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Current and upcoming pharmacotherapy for non-alcoholic fatty liver disease
  1. Yaron Rotman1,
  2. Arun J Sanyal2
  1. 1Liver and Energy Metabolism Unit, Liver Diseases Branch, National Institute of Diabetes and Digestive and Kidney Diseases, National Institute of Health, Bethesda, Maryland, USA
  2. 2Division of Gastroenterology, Hepatology and Nutrition, Department of Internal Medicine, Virginia Commonwealth University School of Medicine, Richmond, Virginia, USA
  1. Correspondence to Dr Yaron Rotman, Liver and Energy Metabolism Unit, Liver Diseases Branch, NIDDK, NIH, 10 Center Drive, Building 10, Room 9C434, MSC 1800, Bethesda, MD 20892-1800, USA; rotmany{at}


Given the high prevalence and rising incidence of non-alcoholic fatty liver disease (NAFLD), the absence of approved therapies is striking. Although the mainstay of treatment of NAFLD is weight loss, it is hard to maintain, prompting the need for pharmacotherapy as well. A greater understanding of disease pathogenesis in recent years was followed by development of new classes of medications, as well as potential repurposing of currently available agents. NAFLD therapies target four main pathways. The dominant approach is targeting hepatic fat accumulation and the resultant metabolic stress. Medications in this group include peroxisome proliferator-activator receptor agonists (eg, pioglitazone, elafibranor, saroglitazar), medications targeting the bile acid-farnesoid X receptor axis (obeticholic acid), inhibitors of de novo lipogenesis (aramchol, NDI-010976), incretins (liraglutide) and fibroblast growth factor (FGF)-21 or FGF-19 analogues. A second approach is targeting the oxidative stress, inflammation and injury that follow the metabolic stress. Medications from this group include antioxidants (vitamin E), medications with a target in the tumour necrosis factor α pathway (emricasan, pentoxifylline) and immune modulators (amlexanox, cenicriviroc). A third group has a target in the gut, including antiobesity agents such as orlistat or gut microbiome modulators (IMM-124e, faecal microbial transplant, solithromycin). Finally, as the ongoing injury leads to fibrosis, the harbinger of liver-related morbidity and mortality, antifibrotics (simtuzumab and GR-MD-02) will be an important element of therapy. It is very likely that in the next few years several medications will be available to clinicians treating patients with NAFLD across the entire spectrum of disease.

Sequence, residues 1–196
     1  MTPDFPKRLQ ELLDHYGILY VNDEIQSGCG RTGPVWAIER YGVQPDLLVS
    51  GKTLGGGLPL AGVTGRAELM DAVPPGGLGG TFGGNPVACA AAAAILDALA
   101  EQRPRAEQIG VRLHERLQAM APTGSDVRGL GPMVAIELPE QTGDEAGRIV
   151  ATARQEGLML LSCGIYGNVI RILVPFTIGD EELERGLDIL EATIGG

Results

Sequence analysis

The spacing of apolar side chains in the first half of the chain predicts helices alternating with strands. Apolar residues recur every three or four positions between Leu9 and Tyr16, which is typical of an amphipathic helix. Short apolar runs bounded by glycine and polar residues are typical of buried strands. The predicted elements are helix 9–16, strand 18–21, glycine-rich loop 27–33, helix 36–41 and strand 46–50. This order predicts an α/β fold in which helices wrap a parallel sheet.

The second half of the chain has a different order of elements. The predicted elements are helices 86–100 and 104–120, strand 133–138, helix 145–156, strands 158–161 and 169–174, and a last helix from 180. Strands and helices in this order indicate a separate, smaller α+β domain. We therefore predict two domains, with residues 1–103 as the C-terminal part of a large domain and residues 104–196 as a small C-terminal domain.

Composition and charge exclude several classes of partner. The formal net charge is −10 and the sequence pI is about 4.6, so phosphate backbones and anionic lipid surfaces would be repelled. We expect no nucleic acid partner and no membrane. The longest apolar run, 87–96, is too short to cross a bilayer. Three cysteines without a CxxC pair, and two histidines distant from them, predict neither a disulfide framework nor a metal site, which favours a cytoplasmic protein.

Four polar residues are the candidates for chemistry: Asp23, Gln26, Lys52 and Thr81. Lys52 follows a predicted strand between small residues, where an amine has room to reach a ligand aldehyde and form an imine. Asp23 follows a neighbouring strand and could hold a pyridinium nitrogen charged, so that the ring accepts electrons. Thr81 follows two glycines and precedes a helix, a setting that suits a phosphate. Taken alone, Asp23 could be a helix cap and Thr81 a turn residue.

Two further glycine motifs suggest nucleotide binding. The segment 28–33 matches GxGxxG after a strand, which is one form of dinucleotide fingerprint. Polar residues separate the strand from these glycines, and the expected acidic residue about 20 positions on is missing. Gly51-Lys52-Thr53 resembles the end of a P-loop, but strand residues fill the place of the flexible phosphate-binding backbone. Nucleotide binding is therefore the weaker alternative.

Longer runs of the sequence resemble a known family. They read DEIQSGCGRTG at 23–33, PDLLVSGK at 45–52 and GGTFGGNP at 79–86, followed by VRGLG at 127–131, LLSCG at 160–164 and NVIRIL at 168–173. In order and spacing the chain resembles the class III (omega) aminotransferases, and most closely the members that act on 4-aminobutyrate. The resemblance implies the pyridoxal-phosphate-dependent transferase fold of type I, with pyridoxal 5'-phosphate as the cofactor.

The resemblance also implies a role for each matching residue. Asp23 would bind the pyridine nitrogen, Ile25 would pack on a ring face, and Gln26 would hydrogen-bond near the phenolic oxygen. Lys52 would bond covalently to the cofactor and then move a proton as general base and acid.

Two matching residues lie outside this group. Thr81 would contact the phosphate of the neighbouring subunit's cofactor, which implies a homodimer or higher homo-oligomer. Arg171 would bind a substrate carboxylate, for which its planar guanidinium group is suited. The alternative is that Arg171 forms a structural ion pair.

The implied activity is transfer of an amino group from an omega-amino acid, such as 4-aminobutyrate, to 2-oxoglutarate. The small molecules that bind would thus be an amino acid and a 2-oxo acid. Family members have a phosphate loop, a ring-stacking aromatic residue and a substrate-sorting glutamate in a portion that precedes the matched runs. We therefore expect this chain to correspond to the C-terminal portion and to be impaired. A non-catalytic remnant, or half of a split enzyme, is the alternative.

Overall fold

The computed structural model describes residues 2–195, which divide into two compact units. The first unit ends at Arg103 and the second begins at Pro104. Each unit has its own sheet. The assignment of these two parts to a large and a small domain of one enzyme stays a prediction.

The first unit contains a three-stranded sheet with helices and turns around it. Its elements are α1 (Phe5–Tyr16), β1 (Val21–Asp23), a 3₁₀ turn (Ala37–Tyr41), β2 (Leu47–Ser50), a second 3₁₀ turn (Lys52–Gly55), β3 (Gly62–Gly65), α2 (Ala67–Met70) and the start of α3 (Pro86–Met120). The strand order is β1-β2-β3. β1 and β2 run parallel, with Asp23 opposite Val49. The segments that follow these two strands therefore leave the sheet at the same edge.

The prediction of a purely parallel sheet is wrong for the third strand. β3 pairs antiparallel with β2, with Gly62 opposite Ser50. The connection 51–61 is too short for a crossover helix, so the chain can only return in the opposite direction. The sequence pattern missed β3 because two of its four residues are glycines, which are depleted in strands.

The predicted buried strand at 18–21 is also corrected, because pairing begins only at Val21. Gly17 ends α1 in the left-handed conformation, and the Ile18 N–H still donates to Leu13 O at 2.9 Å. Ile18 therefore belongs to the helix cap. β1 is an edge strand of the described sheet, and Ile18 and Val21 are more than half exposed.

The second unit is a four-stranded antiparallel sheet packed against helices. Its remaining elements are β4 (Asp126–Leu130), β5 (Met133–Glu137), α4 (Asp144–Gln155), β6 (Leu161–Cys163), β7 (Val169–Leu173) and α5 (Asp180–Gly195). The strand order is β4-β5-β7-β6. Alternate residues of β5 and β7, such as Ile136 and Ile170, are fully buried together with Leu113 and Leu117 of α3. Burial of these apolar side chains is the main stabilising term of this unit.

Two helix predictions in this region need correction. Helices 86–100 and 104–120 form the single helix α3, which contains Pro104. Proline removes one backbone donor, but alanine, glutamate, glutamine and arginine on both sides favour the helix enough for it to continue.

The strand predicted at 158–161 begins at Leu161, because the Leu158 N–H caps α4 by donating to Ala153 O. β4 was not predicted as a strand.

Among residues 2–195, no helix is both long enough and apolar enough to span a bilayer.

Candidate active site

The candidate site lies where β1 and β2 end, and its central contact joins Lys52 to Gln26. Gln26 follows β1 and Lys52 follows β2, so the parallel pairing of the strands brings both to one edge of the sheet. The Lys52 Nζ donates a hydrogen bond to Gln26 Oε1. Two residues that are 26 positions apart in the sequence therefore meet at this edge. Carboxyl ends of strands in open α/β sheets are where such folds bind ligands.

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  • Contributors YR: manuscript design, writing, revision and approval of final version. AJS: manuscript design, revision and approval of final version.

  • Funding NIDDK Intramural Research Program.

  • Competing interests YR is funded by the NIDDK intramural Research Program.

  • AJS has stock options in Genfit. He has served as a consultant to AbbVie, Astra Zeneca, Nitto Denko, Nimbus, Salix, Tobira, Takeda, Fibrogen, Immuron, Exhalenz and Genfit. He has been an unpaid consultant to Intercept and Echosens. His institution has received grant support from Gilead, Salix, Tobira and Novartis. None of these are related to the current study. He is the president and CMO of Sanyal Biotechnologies.

  • Provenance and peer review Commissioned; externally peer reviewed.

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